IC professionals can lift their entire business by building better conversation muscles in the team and in their leaders, says communication coach Paul Matthews.


11th November 2021

Every business I have ever worked with has a familiar list of improvement areas included in their annual employee engagement results.

  1. Communication: “We need more comms.”
  2. Involvement: “We want to make the decisions.”
  3. Leadership: “It has to come from the top.”
  4. Collaboration: “We operate in silos.”
  5. Innovation: “No one listens.”

Every year these arrive – like a crane delivering another baby for comms and HR teams to nurture.

So many businesses spend so much money, time and effort measuring engagement. Then seeking that special sauce to pour over their corporate culture, trying to make employees happy… Lunch time yoga. Welcome hampers. Paid charity work. They are all lovely. But they are not on the list of things that motivate a 2020s workforce or those factors that drive up engagement.

Factors that motivate the 2020s workforce:

 Past employees

 Current employees

 My pay

 My purpose

 My satisfaction

 My development

 My boss

 My coach

 My annual review

 My ongoing conversations

 My weaknesses

 My strengths

 My job

 My life

Ref: Gandhi, V 2018” Want to improve productivity? Hire Better Managers

As internal communicators, we are best placed to solve the engagement enigma. Helping leaders to understand the workforce, what drives them and how to connect with them is a critical part of our job. Now more than ever.

Like a hangover from last century, too much focus is put on launching annual engagement “initiatives” that fade over time. Investment in “difficult conversations for managers” is just one example of knee-jerk responses that add to the list of distractions for time-poor leaders.

Reality check: it is the everyday, routine and regular employee/leader conversations that drive results.

Not the “difficult” conversations.

Not the gimmicks.

Not your channels or content.

Not lunchtime yoga.

Our workforce has evolved

Our employees are more sophisticated and educated than ever. They are connected and global. They share information and have their say all day long on social media and in forums of interest to them. Employees are hardwired to have their say after an education of immersion and participation. They are now socialised to get involved and be part of the solution. They want to be trusted, not told what to do.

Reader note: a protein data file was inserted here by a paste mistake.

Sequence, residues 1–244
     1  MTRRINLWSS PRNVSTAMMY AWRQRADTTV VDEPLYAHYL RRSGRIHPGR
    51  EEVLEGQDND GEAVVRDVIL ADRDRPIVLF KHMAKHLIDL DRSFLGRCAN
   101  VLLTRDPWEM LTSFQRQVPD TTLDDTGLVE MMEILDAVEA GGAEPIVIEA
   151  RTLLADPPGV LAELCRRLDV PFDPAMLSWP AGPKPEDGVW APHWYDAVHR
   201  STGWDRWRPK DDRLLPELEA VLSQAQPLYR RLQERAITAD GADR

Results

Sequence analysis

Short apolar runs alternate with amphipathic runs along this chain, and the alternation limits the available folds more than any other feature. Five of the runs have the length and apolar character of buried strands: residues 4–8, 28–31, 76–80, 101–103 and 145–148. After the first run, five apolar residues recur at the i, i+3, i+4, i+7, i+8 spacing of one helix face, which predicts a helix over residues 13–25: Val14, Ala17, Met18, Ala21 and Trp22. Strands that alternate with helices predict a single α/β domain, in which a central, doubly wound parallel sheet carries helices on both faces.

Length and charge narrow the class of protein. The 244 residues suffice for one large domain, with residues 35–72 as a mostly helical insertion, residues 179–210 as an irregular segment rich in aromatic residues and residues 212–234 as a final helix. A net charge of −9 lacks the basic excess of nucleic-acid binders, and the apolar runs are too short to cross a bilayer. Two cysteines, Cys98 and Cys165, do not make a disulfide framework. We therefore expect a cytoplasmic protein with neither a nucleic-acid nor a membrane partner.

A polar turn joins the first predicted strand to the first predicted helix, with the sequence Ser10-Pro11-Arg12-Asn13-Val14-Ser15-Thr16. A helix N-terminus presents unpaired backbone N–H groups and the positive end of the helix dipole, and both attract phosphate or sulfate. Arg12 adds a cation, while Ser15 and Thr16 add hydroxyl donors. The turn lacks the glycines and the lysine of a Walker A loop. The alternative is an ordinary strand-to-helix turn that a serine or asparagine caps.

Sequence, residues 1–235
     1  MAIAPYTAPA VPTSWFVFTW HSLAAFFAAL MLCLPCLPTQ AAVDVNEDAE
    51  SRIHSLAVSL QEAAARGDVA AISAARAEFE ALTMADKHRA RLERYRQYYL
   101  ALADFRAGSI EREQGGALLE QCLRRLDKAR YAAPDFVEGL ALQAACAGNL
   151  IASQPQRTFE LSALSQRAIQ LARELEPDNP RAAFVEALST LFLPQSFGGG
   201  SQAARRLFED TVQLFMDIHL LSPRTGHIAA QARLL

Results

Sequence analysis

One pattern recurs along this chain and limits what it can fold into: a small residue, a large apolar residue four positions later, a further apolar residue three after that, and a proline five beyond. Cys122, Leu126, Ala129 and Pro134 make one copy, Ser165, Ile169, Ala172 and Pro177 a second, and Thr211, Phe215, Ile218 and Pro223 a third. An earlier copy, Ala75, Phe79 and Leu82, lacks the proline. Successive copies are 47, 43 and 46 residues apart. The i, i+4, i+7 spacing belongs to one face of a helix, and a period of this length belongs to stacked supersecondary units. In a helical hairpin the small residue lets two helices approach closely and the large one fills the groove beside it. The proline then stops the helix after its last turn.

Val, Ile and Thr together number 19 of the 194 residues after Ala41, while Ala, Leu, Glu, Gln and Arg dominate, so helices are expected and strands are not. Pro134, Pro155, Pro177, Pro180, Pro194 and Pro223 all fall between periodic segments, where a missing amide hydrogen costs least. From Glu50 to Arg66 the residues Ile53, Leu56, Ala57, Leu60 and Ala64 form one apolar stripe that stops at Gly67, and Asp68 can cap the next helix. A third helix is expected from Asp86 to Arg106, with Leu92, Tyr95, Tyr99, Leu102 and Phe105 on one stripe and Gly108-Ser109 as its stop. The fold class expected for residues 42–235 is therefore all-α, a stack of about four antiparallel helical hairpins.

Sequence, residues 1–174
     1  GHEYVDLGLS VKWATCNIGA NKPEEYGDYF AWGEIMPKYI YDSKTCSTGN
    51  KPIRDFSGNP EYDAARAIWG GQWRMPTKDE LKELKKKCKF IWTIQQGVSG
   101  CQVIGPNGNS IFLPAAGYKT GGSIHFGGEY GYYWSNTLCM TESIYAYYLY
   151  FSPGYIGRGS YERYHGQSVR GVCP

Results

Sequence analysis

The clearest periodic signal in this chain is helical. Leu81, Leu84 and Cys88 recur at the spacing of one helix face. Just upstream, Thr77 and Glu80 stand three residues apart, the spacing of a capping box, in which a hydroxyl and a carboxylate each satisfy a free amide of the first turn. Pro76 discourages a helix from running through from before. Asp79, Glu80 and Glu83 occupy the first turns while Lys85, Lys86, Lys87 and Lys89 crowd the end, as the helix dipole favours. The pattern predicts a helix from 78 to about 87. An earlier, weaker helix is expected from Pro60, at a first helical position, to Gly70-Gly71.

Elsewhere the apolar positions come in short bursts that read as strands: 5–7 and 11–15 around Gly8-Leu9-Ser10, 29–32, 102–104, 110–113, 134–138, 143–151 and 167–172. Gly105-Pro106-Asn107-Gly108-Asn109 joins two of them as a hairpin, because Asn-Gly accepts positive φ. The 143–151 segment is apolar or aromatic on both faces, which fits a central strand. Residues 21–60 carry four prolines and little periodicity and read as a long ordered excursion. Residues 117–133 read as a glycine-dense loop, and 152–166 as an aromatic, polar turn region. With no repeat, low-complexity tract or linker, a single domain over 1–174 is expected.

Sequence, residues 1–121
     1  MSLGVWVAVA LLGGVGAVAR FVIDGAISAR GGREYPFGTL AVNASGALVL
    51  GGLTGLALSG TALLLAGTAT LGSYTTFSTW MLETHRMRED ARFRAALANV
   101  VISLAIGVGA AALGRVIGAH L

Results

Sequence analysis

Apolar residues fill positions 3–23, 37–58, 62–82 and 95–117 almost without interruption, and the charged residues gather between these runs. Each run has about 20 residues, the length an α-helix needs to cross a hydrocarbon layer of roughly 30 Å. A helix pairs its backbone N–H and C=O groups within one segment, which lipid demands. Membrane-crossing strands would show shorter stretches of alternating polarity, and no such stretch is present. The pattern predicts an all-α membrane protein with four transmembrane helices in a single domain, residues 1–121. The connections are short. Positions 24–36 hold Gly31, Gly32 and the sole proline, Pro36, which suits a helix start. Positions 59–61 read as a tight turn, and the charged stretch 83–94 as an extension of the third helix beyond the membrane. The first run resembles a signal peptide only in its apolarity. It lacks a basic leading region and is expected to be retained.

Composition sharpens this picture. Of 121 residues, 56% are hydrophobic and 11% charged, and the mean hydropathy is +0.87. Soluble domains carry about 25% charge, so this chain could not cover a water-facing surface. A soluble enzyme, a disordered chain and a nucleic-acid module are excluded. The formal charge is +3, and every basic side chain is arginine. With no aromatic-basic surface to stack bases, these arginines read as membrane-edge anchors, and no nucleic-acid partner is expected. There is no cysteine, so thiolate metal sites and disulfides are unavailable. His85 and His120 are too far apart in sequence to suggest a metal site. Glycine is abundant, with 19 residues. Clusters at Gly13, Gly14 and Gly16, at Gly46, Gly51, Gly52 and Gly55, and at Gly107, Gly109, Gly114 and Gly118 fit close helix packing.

I spend my time asking internal communicators and business leaders if they have evolved to meet the needs of their employees. Have they kept up with the shifts? Are their practices and ways up to date?

Ask yourselves if your business leaders and your own ways have kept up. Have your internal communication strategies evolved? Are you sure you are aligned with the needs of your employees?

Are old school ways holding your employee communications and entire business back?

Capability counts

It is the everyday conversations and interactions between managers and employees that drive up employee performance, improve work culture and lift workforce engagement. 

I work with internal communicators to help them shift their focus onto the high impact activities that support leaders to activate employee effort. Helping leaders build their impact, lift trust and get better results is where we should be investing our time.

Building capability and the conversation muscle of our leaders is going to help us move forward faster than any channel strategy or content plan ever will.

Sure, channels and content are important assets for the IC team to function and inform. But walking with leaders, lifting their capability and driving the whole of business conversation is where we can really lift the roof though employee activation. After all: isn’t this why internal communication teams exist?

Consider how your workforce has evolved

By 2030, 68% of the workforce will be born after 1980. So how we lead, unite and engage them really matters. Hierarchy, telling, delegation and one-way communication channels do not work. They erode trust, create compliance and limit thinking. Focusing our teams’ work on outdated channels, investing time on old school or traditional internal comms is limiting our results, careers and entire businesses.

We have to evolve our approach to meet the needs of the 2020s workforce: they want involvement, not information. They want purpose, not just pay. They want to be trusted, not told.